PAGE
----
Review: PDair Sleeve and Flip Type Leather Cases for iPod nano 3G
Models: Sleeve and Flip Type Cases
Compatible: iPod nano (with video)
Having previously looked at the first collection of cases for the third-generation iPod nano (with video), today we're covering 11 additional options with brief capsule reviews. Five new cases - four leather, one metal - are from a company called PDair, one is leather from Noreve, one is neoprene from Marware, and four alternate between leather, neoprene, and rubber from Incase. Not surprisingly, there are a number of similarities between certain groups of these cases, so we're bundlng the like cases together for comparison, and looking at the other ones individually. All four of the PDair cases below received our general (flat B) recommendation.
Sleeve Type Cases: Versions 1, 2, and 3
Five new nano cases—Incase’s Leather Sleeve ($30) and Neoprene Sleeve ($25), and PDair’s $25 Sleeve Type Leather Case, Sleeve Type ver. 2, and Sleeve Type ver. 3—are especially similar to one another. Each of these cases is available in a standard black color, with the PDair cases also sold in brown, aqua, pink, red, or white, and the Incase Neoprene Sleeve available also in pink, as it’s shown here. They all cover the nano’s screen with clear plastic, all of its back and most of the rest of its face with leather or neoprene, and feature some sort of way to attach the case to your clothes. All of them expose the nano’s Click Wheel, rather than including film or other protection for that part. Their wearable attachments are their biggest differentiators, and the reason for PDair’s varied “ver. 2” and “ver. 3” names.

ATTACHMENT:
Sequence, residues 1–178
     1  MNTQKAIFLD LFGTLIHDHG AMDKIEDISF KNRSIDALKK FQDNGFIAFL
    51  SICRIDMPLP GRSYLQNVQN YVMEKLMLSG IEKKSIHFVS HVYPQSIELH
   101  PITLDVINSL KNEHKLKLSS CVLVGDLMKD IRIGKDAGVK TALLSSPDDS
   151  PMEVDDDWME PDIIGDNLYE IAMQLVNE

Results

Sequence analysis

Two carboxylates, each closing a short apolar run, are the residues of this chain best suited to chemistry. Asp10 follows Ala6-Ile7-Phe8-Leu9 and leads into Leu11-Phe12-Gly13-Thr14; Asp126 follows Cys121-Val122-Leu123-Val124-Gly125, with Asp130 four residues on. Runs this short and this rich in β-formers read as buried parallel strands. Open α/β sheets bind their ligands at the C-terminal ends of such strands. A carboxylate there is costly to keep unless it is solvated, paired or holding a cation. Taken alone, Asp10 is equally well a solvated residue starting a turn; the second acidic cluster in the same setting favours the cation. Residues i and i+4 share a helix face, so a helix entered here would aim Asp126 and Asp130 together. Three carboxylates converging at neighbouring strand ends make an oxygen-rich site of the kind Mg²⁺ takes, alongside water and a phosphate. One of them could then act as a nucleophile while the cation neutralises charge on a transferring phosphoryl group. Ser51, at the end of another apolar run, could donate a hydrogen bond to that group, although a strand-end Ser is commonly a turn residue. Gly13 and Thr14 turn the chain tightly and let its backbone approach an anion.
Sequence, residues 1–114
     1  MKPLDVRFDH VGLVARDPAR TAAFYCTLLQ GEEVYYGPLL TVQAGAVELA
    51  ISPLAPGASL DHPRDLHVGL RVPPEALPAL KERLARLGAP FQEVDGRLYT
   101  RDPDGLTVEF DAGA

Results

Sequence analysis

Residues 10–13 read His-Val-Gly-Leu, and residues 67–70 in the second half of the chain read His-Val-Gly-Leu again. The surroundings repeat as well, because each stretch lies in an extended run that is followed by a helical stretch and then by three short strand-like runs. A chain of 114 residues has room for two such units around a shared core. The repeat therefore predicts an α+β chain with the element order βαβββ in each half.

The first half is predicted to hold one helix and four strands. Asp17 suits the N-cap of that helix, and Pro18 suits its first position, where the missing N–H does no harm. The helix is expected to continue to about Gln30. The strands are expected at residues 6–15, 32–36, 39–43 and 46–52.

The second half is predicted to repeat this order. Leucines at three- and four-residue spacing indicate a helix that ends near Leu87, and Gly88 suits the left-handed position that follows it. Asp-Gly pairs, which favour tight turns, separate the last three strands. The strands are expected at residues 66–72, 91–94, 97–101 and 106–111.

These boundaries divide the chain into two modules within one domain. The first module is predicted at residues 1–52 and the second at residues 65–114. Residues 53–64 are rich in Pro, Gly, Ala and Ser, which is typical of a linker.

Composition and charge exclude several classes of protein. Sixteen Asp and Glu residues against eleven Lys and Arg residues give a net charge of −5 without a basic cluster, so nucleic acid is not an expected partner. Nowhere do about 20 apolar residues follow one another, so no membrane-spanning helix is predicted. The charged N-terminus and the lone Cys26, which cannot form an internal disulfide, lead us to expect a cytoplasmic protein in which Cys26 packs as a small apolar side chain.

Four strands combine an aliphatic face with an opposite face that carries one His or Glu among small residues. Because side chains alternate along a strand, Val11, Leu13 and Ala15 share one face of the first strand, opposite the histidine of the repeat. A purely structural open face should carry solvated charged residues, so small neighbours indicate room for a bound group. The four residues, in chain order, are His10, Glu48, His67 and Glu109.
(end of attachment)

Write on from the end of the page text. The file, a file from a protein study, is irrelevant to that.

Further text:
Both of Incase’s Sleeves and PDair’s Sleeve Type Leather Case ver. 3 have non-detachable belt clips on their backs, in each case upside down so that the nano’s headphone port and screen are facing upwards, rather than downwards from your waist. The standard Sleeve Type comes with a detachable generic silver metal and plastic lanyard necklace, while Sleeve Type ver. 2 has a non-detachable but decently built spring-loaded metal carabiner clip. All three of PDair’s Sleeve Type cases fully expose the nano’s bottom, and almost all of its top save for two small strips of leather, while also exposing all four of its side corners, and a hint of metal on the bottom of its face. By comparison, Incase’s Sleeves use Velcro tabs to mostly cover the Dock Connector, fully cover nano’s sides and bottom face metal, and vary in their coverage of the top. Incase’s Leather Sleeve covers the middle third of nano’s top, while Neoprene Sleeve covers the entire top, making it the most protective of the bunch.